Castle Freak review – reimagining a cult favourite

November 25, 2020
Alix Turner 0
Film, Film Reviews


Influenced as much by Lovecraft as Gordon, Castle Freak is a rich and ambitious film about a blind young woman who inherits a castle with a secret.



Influenced as much by Lovecraft as Gordon, Castle Freak is a rich and ambitious film about a blind young woman who inherits a castle with a secret.

Having watched the new Castle Freak last night, and determined to write about it tonight, I keep finding myself distracted by looking into the source material. It’s a rare reboot that has captivated me like that! No, it’s not a reboot, nor a remake, but “a bold reimagining of a horror classic.” More on that in a bit; let me give you the conclusion now, in case I get distracted again:

I absolutely adored this Castle Freak with all my senses.

OK, if you’re familiar with the Full Moon Castle Freak directed by Stuart Gordon, I’ll give you a quick compare-and-contrast and then put that one aside: this Fangoria Castle Freak directed by Tate Steinsiek is truly its own film. The earlier film was about John (Jeffrey Combs) who inherited an Italian castle and travels there with his wife Susan (Barbara Crampton) and blind daughter Rebecca (Jessica Dollarhide). John, drunk and unfaithful, is accused of gruesome murders, which were actually carried out by a “freak” living in the castle’s basement. Although the opening credits of the new Castle Freak declare that it is “Based on the Original Story by Stuart Gordon and Dennis Paoli and the Original Screenplay by Dennis Paoli”, writer Kathy Charles has taken the bare bones of that earlier film and gone back to the HP Lovecraft stories which inspired it to make something new and nasty.

In this Castle Freak – the only one I’ll refer to from here on – Rebecca (Clair Catherine) is the one who inherits a castle, this time in Albania. John (Jake Horowitz) is her boyfriend, and it is an accident resulting from their reckless lifestyle which blinds her. John may have a similar personality in this new film, but instead of dealing with his issues, Castle Freak instead digs into “how our current culture views ‘the other’” while embracing some of the tangents available in Lovecraft’s seedier lore.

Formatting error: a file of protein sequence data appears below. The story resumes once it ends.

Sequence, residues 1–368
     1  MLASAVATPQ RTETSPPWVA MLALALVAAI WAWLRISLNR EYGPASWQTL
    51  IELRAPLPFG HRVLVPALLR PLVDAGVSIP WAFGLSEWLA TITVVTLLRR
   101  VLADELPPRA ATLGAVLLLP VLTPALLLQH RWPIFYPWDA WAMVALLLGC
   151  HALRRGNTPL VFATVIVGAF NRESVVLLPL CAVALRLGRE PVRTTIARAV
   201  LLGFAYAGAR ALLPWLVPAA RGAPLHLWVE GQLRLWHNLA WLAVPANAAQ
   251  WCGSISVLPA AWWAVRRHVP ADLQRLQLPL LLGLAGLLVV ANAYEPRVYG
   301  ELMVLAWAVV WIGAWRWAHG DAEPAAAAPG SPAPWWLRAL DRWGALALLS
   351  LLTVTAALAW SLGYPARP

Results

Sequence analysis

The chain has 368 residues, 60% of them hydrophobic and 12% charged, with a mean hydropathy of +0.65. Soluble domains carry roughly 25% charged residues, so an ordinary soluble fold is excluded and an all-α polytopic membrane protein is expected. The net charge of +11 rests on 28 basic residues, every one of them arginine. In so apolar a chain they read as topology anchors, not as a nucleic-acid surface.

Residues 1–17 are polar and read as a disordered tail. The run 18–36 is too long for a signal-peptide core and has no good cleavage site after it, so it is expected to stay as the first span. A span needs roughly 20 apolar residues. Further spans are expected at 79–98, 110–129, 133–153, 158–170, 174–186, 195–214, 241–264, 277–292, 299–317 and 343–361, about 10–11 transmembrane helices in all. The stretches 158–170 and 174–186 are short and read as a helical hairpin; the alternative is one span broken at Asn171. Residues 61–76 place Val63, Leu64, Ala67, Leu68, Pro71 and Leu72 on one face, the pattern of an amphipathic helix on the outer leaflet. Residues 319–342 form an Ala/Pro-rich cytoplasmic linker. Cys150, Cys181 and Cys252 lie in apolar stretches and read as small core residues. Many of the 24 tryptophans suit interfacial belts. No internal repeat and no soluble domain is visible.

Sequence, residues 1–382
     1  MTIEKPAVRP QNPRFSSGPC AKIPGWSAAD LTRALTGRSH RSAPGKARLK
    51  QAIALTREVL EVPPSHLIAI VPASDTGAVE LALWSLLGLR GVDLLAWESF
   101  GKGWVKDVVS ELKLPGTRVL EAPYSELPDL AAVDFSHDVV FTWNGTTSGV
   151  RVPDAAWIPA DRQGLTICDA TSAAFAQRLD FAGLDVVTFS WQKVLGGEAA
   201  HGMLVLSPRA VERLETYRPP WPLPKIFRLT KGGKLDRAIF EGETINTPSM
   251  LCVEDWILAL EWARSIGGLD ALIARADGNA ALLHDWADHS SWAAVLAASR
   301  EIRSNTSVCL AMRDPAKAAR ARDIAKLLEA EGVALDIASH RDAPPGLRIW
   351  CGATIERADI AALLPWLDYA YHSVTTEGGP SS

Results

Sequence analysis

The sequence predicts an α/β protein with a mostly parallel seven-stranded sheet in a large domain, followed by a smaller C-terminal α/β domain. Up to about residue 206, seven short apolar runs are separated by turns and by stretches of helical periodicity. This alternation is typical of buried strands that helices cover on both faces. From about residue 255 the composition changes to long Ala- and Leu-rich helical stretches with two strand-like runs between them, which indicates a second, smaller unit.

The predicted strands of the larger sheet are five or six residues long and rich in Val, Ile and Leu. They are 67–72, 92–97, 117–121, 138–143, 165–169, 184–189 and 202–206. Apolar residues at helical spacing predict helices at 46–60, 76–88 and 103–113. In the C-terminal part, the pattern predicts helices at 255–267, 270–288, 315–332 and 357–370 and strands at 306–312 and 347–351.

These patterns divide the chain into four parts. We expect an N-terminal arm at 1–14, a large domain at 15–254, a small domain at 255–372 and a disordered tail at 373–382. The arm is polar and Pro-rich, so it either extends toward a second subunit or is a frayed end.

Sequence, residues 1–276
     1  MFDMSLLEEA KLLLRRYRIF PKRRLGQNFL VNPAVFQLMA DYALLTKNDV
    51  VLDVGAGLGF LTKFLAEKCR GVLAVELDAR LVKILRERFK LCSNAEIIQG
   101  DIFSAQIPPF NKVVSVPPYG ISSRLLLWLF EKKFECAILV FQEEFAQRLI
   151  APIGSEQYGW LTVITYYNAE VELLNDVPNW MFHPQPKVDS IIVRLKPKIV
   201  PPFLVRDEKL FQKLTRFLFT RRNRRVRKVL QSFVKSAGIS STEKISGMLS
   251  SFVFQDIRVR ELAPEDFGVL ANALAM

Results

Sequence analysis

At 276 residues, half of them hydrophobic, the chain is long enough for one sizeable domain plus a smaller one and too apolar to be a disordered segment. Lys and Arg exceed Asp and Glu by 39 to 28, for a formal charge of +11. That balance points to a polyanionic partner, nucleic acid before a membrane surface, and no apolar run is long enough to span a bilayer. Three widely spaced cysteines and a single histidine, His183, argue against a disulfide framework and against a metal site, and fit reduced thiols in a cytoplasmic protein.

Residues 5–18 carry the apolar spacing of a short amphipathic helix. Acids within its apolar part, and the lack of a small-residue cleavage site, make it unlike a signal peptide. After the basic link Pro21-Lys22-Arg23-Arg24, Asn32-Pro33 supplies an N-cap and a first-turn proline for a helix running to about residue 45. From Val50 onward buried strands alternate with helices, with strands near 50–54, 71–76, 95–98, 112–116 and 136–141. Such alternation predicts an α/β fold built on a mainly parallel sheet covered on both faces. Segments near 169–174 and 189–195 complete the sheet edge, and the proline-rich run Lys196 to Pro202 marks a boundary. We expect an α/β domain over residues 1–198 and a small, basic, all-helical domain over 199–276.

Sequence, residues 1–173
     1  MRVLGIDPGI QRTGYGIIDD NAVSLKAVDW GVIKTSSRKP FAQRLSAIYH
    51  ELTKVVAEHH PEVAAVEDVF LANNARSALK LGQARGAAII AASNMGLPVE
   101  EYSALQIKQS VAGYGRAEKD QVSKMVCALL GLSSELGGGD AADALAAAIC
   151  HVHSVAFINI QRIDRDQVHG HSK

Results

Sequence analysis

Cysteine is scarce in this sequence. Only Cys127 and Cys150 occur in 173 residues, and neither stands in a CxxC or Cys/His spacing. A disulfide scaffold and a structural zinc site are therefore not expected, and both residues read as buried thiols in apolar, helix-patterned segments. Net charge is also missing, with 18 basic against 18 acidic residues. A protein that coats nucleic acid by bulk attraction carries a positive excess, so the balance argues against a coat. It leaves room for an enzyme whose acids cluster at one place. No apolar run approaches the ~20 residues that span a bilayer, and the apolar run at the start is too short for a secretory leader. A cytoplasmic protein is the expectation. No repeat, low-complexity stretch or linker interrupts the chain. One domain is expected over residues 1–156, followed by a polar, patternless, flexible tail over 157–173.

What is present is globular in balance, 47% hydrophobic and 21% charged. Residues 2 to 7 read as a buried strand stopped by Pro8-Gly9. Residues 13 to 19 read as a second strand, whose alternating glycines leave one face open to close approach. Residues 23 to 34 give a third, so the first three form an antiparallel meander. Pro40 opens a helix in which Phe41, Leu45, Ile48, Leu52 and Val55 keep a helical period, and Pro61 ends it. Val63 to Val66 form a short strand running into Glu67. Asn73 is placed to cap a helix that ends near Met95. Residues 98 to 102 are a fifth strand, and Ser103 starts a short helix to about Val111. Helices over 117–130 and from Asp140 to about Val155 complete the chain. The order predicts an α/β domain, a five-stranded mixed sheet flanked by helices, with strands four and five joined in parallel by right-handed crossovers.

There aren’t many familiar names: Horowitz starred in The Vast of Night, and Kika Magalhães of Nicolas Pesce’s The Eyes of My Mother opens Castle Freak as Rebecca’s estranged mother; the rest of the cast is virtually unknown. But then there are composer Fabio Frizzi (Zombie Flesh Eaters, The Beyond) and producer Barbara Crampton (Re-Animator, Castle Freak 1995, We Are Still Here, etc.) to add the strength of experience. Director Tate Steinsiek comes from a special effects background and I never would have expected a film to benefit from that perspective in a director so much as this does, but it really does: makeup, body horror, violence, gore, and bigger stuff that I don’t want to spoil; it’s all here and done with care and relish. Each of these experienced individuals with their own angles and their own affection for the genre has formed a truly effective team and created an impressive film.

Oh, and it’s good. Beautiful set – castle interior, chapel, luxurious chambers, broken mirrors – luscious cinematography which adjusts to keep up with poor Rebecca’s story, and sensuous throughout. Sometimes there were dreamlike scenes, sometimes trippy or nightmarish, but wherever it went, my eyes grew wider as the film went on. Castle Freak pushed limits while pulling me in. Yes, as Ms. Crampton had alluded to, there are themes here of rejection, abandonment, and prejudice; almost an extrapolation of what Lovecraft had injected into his original story. But I confess I got so engrossed in the atmosphere that I hardly noticed those at the time.

Now, having opened with my conclusion, I must end with the end of the film: there is a mid-credits scene which fans of classic horror may cheer at. It gives one of the secondary characters in Castle Freak their place in the Lovecraft mythos and suggests that there will be more films – or at least another – to expand on this Fangoria/Steinsiek vision. I truly hope that is the case, but if not, I might be happy with the Professor’s Miskatonic University t-shirt.

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